I have the Bible as a whole. Surely, to not be ashamed of the gospel (Romans 1:16) and not know who Jesus actually is would profit me nothing, but I know of the gospel because of Jesus. God the Holy Spirit has come to me and given me life. I’ve read the whole book which tells me the hows and whys of the grace He’s given me. Because I’ve heard of Jesus, I’d have to pick Romans as the most important.

 

     Martin Luther said the following about Romans. I remember reading it somewhere near the start of a Romans class I did years ago, and I’ve never forgotten it. Ask yourself if the same could rightly be said about every book in the Bible?

 

We find in this letter, then, the richest possible teaching about what a Christian should know: the meaning of law, Gospel, sin, punishment, grace, faith, justice, Christ, God, good works, love, hope and the cross. We learn how we are to act toward everyone, toward the virtuous and sinful, toward the strong and the weak, friend and foe, and toward ourselves. Paul bases everything firmly on Scripture and proves his points with examples from his own experience and from the Prophets, so that nothing more could be desired. Therefore it seems that St. Paul, in writing this letter, wanted to compose a summary of the whole of Christian and evangelical teaching which would also be an introduction to the whole Old Testament. Without doubt, whoever takes this letter to heart possesses the light and power of the Old Testament. Therefore each and every Christian should make this letter the habitual and constant object of his study. (CCEL Citation).

 

     I would say that while all the books in the Bible are equally inspired and don’t individually paint the sufficiency of God’s revelation without the others that some books are still more weighty or important than others.

 

     I’m cautious but willing to make a distinction between even the Old Testament (OT) and NT as a whole. The NT is more important than the OT. It’s all God’s word. You don’t have “The Bible” without the OT, but how can I say that the NT is more important then? In this way: If all I had today was the OT, could I know Christ? The answer is no.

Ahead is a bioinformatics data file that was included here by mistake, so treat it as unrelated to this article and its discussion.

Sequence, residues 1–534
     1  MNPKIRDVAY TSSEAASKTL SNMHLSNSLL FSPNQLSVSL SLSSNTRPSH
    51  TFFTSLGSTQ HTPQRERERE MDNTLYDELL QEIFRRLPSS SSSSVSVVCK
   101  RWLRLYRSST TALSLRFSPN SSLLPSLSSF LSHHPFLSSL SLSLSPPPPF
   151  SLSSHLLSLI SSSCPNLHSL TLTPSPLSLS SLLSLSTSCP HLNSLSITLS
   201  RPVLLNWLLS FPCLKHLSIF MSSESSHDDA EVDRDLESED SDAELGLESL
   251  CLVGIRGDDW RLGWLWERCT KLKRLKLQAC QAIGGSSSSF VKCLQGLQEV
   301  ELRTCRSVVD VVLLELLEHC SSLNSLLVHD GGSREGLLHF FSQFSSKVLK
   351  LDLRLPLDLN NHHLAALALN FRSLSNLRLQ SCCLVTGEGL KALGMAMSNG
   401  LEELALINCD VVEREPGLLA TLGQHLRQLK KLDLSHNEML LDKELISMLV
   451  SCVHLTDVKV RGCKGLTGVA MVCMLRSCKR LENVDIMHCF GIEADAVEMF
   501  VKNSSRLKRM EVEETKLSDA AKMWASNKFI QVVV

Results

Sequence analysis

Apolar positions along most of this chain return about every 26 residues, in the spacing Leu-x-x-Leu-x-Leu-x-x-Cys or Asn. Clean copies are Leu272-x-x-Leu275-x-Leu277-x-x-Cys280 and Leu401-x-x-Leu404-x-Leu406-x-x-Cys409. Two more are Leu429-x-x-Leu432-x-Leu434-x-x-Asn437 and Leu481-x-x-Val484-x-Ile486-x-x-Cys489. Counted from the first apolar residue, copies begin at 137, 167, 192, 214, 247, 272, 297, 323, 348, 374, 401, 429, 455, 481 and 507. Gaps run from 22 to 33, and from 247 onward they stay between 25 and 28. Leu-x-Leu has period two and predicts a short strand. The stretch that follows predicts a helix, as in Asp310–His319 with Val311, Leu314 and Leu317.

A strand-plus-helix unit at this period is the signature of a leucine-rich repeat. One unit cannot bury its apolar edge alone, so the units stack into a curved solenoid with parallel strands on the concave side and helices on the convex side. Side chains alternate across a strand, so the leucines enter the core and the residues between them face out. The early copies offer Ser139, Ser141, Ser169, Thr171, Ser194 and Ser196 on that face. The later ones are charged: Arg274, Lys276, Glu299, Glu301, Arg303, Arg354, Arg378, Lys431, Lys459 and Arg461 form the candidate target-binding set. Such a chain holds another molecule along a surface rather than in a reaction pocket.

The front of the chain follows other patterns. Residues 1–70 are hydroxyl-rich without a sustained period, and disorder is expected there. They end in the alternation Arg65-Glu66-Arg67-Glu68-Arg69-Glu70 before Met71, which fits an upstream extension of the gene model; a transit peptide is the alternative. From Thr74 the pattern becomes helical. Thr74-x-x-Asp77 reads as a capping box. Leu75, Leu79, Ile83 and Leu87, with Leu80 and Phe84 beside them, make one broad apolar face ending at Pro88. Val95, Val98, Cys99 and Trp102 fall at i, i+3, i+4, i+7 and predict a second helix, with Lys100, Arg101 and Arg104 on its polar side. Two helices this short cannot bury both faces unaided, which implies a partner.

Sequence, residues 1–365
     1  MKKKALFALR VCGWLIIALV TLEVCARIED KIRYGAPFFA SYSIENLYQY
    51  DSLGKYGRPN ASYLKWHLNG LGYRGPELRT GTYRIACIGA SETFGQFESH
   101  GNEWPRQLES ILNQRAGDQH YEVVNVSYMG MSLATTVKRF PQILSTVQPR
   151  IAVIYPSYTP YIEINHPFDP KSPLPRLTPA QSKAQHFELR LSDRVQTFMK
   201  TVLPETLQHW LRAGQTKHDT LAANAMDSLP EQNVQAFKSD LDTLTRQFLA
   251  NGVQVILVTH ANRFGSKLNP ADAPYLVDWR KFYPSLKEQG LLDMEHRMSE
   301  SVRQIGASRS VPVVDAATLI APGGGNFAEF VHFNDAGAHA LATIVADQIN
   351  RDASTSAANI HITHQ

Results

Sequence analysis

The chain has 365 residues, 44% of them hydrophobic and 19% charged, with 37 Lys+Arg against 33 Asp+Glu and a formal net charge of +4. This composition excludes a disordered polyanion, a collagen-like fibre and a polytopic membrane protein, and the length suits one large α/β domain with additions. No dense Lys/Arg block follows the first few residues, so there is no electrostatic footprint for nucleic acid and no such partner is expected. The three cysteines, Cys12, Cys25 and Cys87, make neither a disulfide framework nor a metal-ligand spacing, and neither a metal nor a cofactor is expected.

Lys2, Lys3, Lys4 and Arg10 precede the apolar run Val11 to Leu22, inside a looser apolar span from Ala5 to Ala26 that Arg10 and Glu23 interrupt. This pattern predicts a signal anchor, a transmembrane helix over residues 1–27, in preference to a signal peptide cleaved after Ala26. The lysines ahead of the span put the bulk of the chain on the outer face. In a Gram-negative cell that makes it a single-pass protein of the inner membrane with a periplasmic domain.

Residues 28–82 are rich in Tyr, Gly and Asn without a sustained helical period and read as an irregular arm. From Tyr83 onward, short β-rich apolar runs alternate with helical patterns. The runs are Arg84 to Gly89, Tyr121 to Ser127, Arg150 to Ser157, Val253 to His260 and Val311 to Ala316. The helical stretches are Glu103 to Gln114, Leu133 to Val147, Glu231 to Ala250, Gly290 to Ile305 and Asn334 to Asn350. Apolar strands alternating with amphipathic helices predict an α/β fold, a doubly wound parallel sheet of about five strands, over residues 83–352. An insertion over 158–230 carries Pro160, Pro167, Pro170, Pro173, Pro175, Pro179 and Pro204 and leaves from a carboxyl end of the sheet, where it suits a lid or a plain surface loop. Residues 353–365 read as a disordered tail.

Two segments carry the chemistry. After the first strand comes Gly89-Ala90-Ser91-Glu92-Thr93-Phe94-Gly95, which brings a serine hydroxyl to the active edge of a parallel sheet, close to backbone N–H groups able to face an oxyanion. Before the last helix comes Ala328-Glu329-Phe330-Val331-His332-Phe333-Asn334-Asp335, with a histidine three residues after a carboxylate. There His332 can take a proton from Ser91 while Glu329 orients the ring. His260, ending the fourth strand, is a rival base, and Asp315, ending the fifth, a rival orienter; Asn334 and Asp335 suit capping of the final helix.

So here’s my two part answer:

1. Attempting objectivity: to the church universal (All Christians everywhere) I’d have to say that Romans is the most important. See Luther’s citation above for my reasoning why. That’s my opinion. If I can take only one translated book into a nation then this is the one I’d want. There is more material in Romans, by volume, that applies to us all than I find anywhere else. It describes who Jesus is and what He came to do very clearly.

2. Subjectively: Whichever book reveals Christ to you more clearly in complement to the whole. I was converted while listening to a sermon that centered on Isaiah 40. It was the things that Isaiah said about God, coupled with what I already knew about the law and the gospel that God used to save me. Each of us may have a similar testimony from virtually every book in the Bible. It’s certain that people have been saved while reading Leviticus. In fact, I hear that foreign missionaries in Afghanistan often begin their personal evangelism with Leviticus because of its similarity to the Islamic law code. To many of them then perhaps Leviticus would be most profitable, at least for a time.

 

     In any case let’s thank God that we have His word in its entirety and that we don’t have to choose. Great question! In the end I personally would have to go with Romans.